Utah Saves Prison Chapel

A Draper prison shrine long dedicated to saving lives will see its own salvation.

The state land authority governing what is to replace the Utah State Prison and adjacent lands at Point of the Mountain voted Thursday to preserve the Wayside Penitentiary Chapel, a small spiritual refuge of 61 year old nestled inside the gray concrete walls of the Wasatch cellblock.

Utah is making plans for a high-tech city filled with green space, comparable in size to Bluffdale, where the former lockup now spans 605 acres between southern Salt Lake County and northern Salt Lake County. ‘Utah. The public development will be known as The Point.

As a new jail nears completion on the west end of Salt Lake City — and the Utah Department of Corrections prepares to move the prison population north later this summer — members of the land authority had resisted attempts to salvage historic features by demolishing the old site, citing a desire to move past its notorious reputation.

But the 11-member panel changed course on Thursday – after hearing from a leading conservative and the moving stories of prison ministers and a former prisoner who spoke of redemption and healing from decades of social programs offered under the vaulted ceiling of the chapel.

Council members voted unanimously to explore ways to save it and fund refurbishment and adaptive reuse with public and private funds, even if it means moving the chapel to a new location on the footprint of The Point.

“We have today received a decision that the chapel will be preserved,” said Alan Matheson, executive director of the land authority, after the meeting. “We need to explore ways to pay for this. Understand that we have very limited funds for this project and we are trying to be as efficient as possible.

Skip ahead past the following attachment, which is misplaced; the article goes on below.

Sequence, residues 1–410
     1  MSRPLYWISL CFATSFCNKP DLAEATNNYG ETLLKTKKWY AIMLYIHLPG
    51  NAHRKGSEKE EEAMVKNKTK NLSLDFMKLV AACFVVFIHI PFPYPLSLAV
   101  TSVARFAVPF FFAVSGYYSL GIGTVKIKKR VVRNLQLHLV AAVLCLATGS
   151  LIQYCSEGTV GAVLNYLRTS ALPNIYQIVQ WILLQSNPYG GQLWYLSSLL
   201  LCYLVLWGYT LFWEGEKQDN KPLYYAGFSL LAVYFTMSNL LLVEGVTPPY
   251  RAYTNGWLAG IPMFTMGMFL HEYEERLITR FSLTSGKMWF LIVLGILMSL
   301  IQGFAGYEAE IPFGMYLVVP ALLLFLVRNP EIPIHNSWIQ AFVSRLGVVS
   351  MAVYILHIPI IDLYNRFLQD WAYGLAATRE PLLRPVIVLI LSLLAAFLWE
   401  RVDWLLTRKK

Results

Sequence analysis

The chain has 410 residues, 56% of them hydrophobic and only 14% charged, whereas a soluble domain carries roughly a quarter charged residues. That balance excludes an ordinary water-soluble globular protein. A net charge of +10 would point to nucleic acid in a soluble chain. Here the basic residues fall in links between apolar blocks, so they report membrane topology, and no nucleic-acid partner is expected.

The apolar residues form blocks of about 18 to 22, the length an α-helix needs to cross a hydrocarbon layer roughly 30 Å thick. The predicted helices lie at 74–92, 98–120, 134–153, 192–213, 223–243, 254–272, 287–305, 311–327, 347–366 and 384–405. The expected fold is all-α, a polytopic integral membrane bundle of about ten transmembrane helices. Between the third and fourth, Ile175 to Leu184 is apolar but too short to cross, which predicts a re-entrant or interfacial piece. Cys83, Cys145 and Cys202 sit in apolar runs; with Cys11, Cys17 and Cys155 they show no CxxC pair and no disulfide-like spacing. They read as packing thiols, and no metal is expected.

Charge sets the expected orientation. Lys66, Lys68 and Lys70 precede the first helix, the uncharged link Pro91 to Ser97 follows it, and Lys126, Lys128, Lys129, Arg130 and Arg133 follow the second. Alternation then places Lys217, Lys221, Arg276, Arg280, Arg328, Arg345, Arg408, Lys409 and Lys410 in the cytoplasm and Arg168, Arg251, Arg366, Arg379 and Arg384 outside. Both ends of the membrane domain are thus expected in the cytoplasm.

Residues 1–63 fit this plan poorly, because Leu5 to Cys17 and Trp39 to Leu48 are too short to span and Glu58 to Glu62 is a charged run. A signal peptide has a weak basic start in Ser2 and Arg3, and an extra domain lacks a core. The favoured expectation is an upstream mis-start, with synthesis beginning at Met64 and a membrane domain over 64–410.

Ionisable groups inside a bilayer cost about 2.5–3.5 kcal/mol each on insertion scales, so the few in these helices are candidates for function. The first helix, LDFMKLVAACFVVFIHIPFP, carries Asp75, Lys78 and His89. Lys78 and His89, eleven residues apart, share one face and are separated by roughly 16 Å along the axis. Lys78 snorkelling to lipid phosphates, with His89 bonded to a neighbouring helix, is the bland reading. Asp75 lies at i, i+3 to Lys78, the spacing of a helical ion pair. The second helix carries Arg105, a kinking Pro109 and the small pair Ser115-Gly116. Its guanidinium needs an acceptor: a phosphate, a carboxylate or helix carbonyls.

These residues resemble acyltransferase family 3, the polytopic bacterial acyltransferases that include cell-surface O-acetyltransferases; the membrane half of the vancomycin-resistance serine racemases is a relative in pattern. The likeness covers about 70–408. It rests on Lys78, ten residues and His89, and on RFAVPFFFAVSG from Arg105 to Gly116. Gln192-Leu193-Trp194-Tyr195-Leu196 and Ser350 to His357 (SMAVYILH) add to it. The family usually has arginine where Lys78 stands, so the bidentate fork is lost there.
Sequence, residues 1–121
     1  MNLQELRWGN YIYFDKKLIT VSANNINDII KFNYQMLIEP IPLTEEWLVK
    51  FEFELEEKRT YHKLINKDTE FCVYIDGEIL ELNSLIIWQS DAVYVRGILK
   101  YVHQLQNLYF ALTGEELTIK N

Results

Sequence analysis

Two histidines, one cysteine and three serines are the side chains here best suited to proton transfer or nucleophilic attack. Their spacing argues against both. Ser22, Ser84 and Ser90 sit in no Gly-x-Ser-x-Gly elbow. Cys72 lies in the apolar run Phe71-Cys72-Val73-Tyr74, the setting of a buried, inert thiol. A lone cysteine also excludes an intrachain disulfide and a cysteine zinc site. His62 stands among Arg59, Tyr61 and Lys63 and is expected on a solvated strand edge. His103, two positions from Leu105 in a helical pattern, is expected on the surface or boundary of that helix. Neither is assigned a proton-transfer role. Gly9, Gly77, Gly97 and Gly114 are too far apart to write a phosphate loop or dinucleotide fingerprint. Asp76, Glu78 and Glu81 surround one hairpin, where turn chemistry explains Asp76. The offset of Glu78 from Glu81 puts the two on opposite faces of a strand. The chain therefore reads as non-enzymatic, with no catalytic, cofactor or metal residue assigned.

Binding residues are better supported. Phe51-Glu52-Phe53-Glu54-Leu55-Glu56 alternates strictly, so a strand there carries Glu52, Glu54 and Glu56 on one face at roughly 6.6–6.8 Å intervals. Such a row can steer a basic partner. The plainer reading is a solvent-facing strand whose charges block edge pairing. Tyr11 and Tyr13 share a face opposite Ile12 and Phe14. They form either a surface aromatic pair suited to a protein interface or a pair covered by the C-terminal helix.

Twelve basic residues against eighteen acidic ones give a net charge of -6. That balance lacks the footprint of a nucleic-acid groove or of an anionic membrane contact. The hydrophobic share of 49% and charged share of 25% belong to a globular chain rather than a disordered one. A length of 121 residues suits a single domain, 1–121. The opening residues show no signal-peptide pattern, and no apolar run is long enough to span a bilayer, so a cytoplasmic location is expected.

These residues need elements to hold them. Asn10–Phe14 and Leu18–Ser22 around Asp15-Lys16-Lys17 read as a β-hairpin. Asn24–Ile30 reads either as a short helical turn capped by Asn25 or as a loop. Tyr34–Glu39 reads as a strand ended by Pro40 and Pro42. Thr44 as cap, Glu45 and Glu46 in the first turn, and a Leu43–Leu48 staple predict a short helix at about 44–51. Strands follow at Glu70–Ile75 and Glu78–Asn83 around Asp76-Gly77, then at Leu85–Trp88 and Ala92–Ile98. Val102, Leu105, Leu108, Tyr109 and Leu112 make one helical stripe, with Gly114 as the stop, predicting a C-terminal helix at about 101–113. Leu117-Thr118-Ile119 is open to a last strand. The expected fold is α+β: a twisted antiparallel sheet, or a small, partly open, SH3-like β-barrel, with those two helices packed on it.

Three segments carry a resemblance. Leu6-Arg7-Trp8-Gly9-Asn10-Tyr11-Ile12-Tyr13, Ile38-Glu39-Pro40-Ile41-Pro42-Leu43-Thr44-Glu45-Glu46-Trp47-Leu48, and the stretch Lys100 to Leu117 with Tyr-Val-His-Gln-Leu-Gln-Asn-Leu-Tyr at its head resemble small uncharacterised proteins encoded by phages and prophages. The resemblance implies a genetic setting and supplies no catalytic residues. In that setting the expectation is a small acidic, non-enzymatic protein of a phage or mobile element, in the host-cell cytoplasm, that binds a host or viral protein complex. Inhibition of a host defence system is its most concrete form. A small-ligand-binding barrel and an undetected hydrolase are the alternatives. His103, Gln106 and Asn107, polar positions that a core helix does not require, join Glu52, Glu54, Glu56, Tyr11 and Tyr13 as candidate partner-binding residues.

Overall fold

The prison’s central locking system, known as the Johnson bar, and a set of art deco metal toilet panels that caught the interest of Lieutenant Governor Deidre Henderson, who co-heads the Lands Authority, must also be preserved.

“They’re really cool,” Henderson said Thursday. “They are original and they would be really interesting.”

In the beginning: how the chapel was born

(Photo Salt Lake Tribune, University of Utah) Utah Governor George Clyde, during the construction of the Utah State Prison Chapel at Wayside, June 18, 1958 The Point of the Mountain State Land Authority voted Thursday to save the chapel when it tears down the rest of the jail.

Planning for the old prison began in 1937, with the recognition that the Utah Territorial Penitentiary, located where Sugar House Park stands today, was becoming increasingly overcrowded and needed to be moved as Salt Lake City continued to grow. The first 575 inmates traveled by bus to the newly completed prison, located on Draper’s Bitterbrush Lane, in 1951.

Chapel by the Wayside grew out of a 1957 prison riot. Dissatisfied with their living conditions, the inmates took several hostages and sent a list of grievances directly to the governor at the time. George Clyde. Among their demands before the Utah National Guard crushed the uprising, according to David Amott, executive director of Preservation Utah, was the demand for a “real chapel.”

“At that time,” Amott said, “the prisoners took matters into their own hands and designed the prison chapel themselves.”

Clyde led a statewide campaign to raise funds, which led to “an outpouring of support from all over Utah, from people from all walks of life,” Amott said, as well as social groups and major religions in the region, including the Catholic Church, various Protestant denominations, and The Church of Jesus Christ of Latter-day Saints.

Since its opening in 1961, Amott said, the chapel “has become a great point of service, dedication and transformation.”